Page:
“Risk assessment should be based on both clinical and radiological investigations,” noted Dr Mohammadi. “In a patient with risk factors for thyroid cancer, clinicians have a lower threshold to do investigations and follow-up. We did not assess the effect of other risk factors of thyroid cancer than ultrasound features in this study, but it’s reasonable to consider all clinical, radiological, and pathological aspects to interpret risks and outline the best follow-up strategies.”
Keeping High-Risk DTC Patients Disease-Free
After thyroidectomy in intermediate- to high-risk patients with DTC, many patients receive radioactive iodine therapy, which has long been controversial. To further examine thyrotropin suppression in intermediate- to high-risk patients with DTC, endocrinologist Joanna Klubo-Gwiezdzinska, MD, PhD, MHSc, principal investigator–thyroid nodules and thyroid cancer at the National Institute of Diabetes and Digestive and Kidney Diseases in Bethesda, Maryland, and colleagues examined progression-free and overall survival in patients treated with radioactive iodine therapy.6
The 7.2-year cohort study of 867 patients (mean age, 48.5; 64.2% women) followed patients who were treated with total thyroidectomy and radioactive iodine.6 Suppressing thyrotropin did not improve progression-free survival at 1.5- (P =.41), 3- (P =.51), and 5-year (P =.64) follow-up. In patients who did not progress in the first 1.5 or 3 years, advanced age, lateral neck lymph node metastases, and distant metastases were linked to later time to structural disease progression.6
“For patients who have an excellent response to treatment and no evidence of persistent or recurrent disease, the risks of continued TSH suppression with supraphysiologic doses of levothyroxine outweigh the benefits,” said Dr Klubo-Gwiezdzinska. “The adverse effects of TSH suppression may include exacerbation of angina in patients with ischemic heart disease, increased risk for arrhythmias such as atrial ﬁbrillation in older patients, and increased risk for osteoporosis, particularly in postmenopausal women. The optimal follow-up strategy in such circumstances is to maintain a TSH goal within a low normal range of 0.5 to 2 mIU/mL with continued surveillance measurements of the tumor marker, thyroglobulin, and anti-thyroglobulin antibodies as well as performance of ultrasound of the neck on a yearly basis.”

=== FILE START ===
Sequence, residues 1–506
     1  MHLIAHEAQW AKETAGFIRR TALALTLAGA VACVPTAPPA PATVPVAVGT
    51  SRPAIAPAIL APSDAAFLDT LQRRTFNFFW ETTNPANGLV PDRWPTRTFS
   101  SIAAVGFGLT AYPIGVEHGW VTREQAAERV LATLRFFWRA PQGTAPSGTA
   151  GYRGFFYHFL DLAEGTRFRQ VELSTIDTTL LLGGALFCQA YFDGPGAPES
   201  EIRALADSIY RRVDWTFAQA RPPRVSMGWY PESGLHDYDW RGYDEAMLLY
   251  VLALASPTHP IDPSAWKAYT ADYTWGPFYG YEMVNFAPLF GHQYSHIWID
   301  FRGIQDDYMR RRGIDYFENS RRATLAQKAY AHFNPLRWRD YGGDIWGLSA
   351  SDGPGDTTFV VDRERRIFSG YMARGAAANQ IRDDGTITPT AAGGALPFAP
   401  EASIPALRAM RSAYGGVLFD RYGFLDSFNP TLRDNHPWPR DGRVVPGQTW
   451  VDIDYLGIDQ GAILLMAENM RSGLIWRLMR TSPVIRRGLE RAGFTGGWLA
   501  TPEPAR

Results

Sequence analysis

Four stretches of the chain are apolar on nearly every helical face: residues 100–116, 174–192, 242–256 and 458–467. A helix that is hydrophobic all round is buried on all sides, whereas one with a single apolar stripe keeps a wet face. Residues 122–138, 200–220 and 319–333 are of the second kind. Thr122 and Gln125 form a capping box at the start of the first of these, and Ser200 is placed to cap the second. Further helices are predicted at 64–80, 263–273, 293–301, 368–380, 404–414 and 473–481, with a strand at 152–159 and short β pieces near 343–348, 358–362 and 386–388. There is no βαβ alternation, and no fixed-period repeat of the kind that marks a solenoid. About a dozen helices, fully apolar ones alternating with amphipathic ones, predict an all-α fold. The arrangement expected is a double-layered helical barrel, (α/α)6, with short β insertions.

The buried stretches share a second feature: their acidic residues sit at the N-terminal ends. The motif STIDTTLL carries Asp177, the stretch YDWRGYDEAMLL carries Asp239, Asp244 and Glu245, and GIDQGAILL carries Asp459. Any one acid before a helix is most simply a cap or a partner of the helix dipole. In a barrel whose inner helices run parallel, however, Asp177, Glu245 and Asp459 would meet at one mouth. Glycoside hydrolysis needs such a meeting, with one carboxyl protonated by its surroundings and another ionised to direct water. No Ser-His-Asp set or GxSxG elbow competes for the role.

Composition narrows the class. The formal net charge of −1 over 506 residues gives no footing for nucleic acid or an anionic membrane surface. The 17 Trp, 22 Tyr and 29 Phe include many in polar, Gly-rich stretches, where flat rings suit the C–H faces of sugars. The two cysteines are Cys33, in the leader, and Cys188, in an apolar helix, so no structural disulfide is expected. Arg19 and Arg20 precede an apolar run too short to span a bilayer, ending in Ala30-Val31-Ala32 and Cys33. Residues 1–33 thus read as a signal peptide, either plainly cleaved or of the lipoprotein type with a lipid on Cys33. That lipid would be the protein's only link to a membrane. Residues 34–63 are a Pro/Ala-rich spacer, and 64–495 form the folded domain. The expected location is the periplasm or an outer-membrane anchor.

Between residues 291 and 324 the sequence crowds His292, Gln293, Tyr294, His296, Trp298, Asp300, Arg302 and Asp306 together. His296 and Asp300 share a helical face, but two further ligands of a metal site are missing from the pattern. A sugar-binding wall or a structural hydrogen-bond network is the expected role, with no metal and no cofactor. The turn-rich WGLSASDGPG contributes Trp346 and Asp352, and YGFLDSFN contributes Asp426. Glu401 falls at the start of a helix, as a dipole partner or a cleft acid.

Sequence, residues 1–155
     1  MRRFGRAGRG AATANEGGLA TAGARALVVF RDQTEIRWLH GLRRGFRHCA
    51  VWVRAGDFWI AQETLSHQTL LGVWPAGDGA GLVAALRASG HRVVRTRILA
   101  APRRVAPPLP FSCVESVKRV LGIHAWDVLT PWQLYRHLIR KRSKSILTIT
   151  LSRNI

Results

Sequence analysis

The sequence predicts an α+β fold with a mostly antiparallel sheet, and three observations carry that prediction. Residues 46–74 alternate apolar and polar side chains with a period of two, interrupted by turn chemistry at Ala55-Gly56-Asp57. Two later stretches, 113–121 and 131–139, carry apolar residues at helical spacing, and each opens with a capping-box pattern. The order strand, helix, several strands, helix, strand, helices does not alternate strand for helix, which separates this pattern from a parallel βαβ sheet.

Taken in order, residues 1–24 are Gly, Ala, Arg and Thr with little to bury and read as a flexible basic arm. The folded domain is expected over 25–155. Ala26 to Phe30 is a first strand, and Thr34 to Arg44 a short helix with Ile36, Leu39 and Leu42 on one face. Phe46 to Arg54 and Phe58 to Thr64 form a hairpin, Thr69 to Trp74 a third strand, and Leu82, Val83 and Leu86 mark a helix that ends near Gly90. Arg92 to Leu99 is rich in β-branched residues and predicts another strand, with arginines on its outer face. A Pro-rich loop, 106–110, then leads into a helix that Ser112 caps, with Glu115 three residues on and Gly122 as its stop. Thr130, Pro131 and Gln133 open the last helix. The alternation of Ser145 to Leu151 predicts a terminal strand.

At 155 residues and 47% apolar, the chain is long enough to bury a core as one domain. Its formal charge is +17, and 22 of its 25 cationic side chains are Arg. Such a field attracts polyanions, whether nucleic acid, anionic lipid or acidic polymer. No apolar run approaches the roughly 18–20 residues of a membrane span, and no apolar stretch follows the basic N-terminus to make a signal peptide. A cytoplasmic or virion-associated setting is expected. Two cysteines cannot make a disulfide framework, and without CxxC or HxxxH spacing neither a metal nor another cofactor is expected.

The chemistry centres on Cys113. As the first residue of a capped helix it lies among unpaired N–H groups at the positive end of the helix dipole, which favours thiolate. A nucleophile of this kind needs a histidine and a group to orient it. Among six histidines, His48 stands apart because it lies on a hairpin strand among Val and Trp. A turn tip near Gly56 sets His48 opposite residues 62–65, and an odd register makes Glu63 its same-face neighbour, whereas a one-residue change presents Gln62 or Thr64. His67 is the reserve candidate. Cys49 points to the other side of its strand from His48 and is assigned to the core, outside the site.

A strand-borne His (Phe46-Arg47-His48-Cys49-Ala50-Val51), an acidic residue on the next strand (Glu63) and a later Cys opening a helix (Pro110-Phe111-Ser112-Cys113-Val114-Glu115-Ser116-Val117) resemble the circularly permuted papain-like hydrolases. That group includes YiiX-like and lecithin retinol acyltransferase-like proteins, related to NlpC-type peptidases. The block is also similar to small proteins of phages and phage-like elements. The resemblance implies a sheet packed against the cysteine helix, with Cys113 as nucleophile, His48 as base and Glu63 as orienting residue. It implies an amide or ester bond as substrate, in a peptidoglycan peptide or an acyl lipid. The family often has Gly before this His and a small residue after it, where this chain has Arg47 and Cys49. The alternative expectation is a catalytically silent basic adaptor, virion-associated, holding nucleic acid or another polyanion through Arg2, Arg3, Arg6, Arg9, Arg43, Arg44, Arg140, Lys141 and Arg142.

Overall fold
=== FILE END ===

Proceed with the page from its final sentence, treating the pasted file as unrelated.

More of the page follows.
Immune Checkpoint Inhibitor Treatment and Endocrine Emergencies
Thyroid disorders and other endocrinopathies may develop in patients who have been treated with immune checkpoint inhibitors (ICI) for advanced-stage cancers.7 In a review of 451 cases culled from 179 articles about ICI-induced endocrinopathies, Meng H. Tan, MD, clinical professor of medicine in the division of metabolism, endocrinology, and diabetes at the University of Michigan, Ann Arbor, and colleagues, reported 152 thyroid disorders.7 Most cases occurred within 5 months of ICI therapy and were irreversible.7
Dr Tan advised clinicians caring for cancer patients who have taken ICIs to “be vigilant for the occurrence of ICI-induced endocrinopathies which have increased markedly not only in numbers but in spectrum. These drug-induced endocrinopathies affect 5 endocrine glands and manifest as 10 endocrinopathies.”
Summary & Clinical Applicability
In patients who have had successful treatment for thyroid cancer, clinicians should consider scaling back extensive follow-up testing. Revised ATA guidelines encourage clinicians to individualize surveillance to avoid unnecessary procedures.
Limitations & Disclosures
1. Lamartina L, Grani G, Durante C, Borget I, Filetti S, Schlumberger M. Follow-up of differentiated thyroid cancer – what should (and what should not) be done. Nat Rev Endocrinol. 2018;14(9):538-551.
2. Haugen BR, Alexander EK, Bible KC, et al. 2015 American Thyroid Association management guidelines for adult patients with thyroid nodules and differentiated thyroid cancer: The American Thyroid Association Guidelines Task Force on Thyroid Nodules and Differentiated Thyroid Cancer. Thyroid. 2016;26(1):1-133.
3. Santhanam P, Ladenson PW. Surveillance for differentiated thyroid cancer recurrence. Endocrinol Metab Clin N Am. 2019;48(1):239-252.
4. Eskander A, Hall SF, Manduch M, Griffiths R, Irish JC. A population-based study on NIFTP incidence and survival: is NIFTP really a “benign” disease? [published online January 28, 2019]. Ann Surg Oncol. doi:10.1245/s10434-019-07187-0
5. Mohammadi M, Betel C, Burton KR, Higgins KM, Ghorab Z, Halperin IJ. Retrospective application of the 2015 American Thyroid Association guidelines for ultrasound classification, biopsy indications, and follow-up imaging of thyroid nodules: can improved reporting decrease testing? Can Assoc Radiol J. 2019;70(1):68-73.
6. Klubo-Gwiezdzinska J, Auh S, Gershengorn M, et al. Association of thyrotropin suppression with survival outcomes in patients with intermediate- and high-risk differentiated thyroid cancer. JAMA Netw Open. 2019;2(2):e187754.
7. Tan MH, Iyengar R, Mizokami-Stout K, et al. Spectrum of immune checkpoint inhibitors-induced endocrinopathies in cancer patients: a scoping review of case reports. Clin Diabetes Endocrinol. 2019;5:1.